"I experimented by applying the Chi Running principles. It worked for me" - Mary Jennings
I have spent a lot more time pushing a buggy over the past six months than I had originally envisaged. Thankfully, I have a baby who enjoys fresh air as much as I do.
We are both in better form after our leisurely daily walks. There is no focus on speed, fitness or distance. My aim is to return home with a clearer head and ideally a sleeping baby.
Initially, pushing the buggy felt awkward. Arm position, stride length and general posture are all different than walking solo. As new parents, we focus on making sure the baby is safe and secure in the buggy but forget that our buggy-pushing efforts and buggy set-up may impact our own health and cause injury.
It’s important that we consider our comfort as well that of baby.
Listen to your body
With all the settings and fancy gadgets in our modern buggies, most of us stick with the default and never change the handle height. But in the same way as we all adjust a car seat when we move into a different car, we need to make sure the buggy fits our body each time we use it.
Don’t just use the settings your partner uses. As the baby gets heavier, it’s even more important to have good technique in lifting, carrying and pushing the baby along.
Just like running, some people look effortless with the buggy while others look tense and uncomfortable. I certainly want to be the former.
With no manual for buggy walking technique, I decided to experiment by applying the Chi Running principles to this newly acquired load. Now that my running was taking a back seat, working on my technique became a new opportunity to focus on making the most of time on the road while possibly helping my future running.
Bending at the waist when pushing a buggy places added pressure through the neck, shoulders and wrists. The legs also have to work harder and there is added burden on the lower back. Focusing on a tall yet relaxed posture is the single biggest tip that has worked for me.
As soon as I bend at the waist I can feel the increased effort. Walk tall, imagining a string from your head keeping you upright, but make sure you don’t tense your arms and legs.
Lower the handle
If you have to raise your shoulders or arms to reach your buggy handle, then it is too high. The resting position should feel comfortable and may possibly be lower than you think. Carrying a baby is enough pressure on our body without adding more pressure to the upper back and neck just to grip the handle of the buggy. The handle of my buggy is hip height. Any higher and I have to lift my shoulders to compensate.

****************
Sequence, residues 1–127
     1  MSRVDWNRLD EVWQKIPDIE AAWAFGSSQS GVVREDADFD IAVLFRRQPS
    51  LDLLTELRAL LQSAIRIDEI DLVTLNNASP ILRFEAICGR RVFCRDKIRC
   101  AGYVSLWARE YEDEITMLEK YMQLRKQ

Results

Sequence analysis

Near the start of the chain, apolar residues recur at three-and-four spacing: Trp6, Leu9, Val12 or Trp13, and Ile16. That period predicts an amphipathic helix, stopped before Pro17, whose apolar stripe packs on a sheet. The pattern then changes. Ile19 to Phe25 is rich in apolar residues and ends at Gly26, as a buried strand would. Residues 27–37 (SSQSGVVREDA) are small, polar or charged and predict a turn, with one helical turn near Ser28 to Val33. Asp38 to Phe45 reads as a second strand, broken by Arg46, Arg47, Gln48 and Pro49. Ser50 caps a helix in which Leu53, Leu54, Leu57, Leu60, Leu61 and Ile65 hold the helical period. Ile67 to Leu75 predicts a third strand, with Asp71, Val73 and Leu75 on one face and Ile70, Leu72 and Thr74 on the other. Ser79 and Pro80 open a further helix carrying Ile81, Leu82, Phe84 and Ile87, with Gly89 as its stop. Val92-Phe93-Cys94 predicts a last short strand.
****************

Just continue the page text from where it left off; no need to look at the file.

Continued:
Move from your centre
Imagine a bar between your belly button and buggy handle. Focus on moving from your centre as if you are pushing that bar forward. When I move from my centre, the legs follow and the pressure is taken off the upper body. Keep your body reasonably close to the handle. The further you move your body away from the buggy, the more the effort transfers to your limbs from your core.
Relax your grip
If your handle is positioned right, you won’t need to grip hard to push the buggy. In fact, if you are moving from your centre and standing tall, your arms and shoulders will need to do very little but support the direction of movement. As you move, notice if you are holding the handle tightly. Relax your hands and your shoulders and neck will instantly relax too.
Pick up your feet
When all the tips above work together, you will notice that the buggy moves along without having to take long strides to push it. Simply focus on picking your feet up off the ground rather than landing with a bang.
Small steps work best. Consider your feet just another set of wheels behind the buggy. Pick up the foot lightly and let gravity bring it down again.
Uphill with a buggy
Walking with a buggy can be a workout, especially if you live in a hilly area. Try keeping your centre close to the buggy rather than bending at the waist and putting the pressure on the arms and legs. Think tall, take small steps and feel that the bar from your centre is carrying the buggy up ahead of you. Imagine your feet are walking upstairs rather than taking long strides.
Ready to run
Whatever your sport of choice, take time to recover after having your baby. Don’t get frustrated that you are not as fit as you might have expected to be by now. Do what you can to prepare for your fitness comeback by focusing on strength and technique while walking.
As I enter my sixth month post-baby, I feel my body is now ready for some easy running, but I will leave the buggy at home for that. It’s finally time for some “me” time.
Mary Jennings is founder and running coach with ForgetTheGym.ie. She trains beginners and marathoners and everyone in between to enjoy running and stay injury-free. Jennings is also the creator of all our Irish Times Get Running programmes: Beginners Get Running, Get Running 10k and Get Running Stay Running.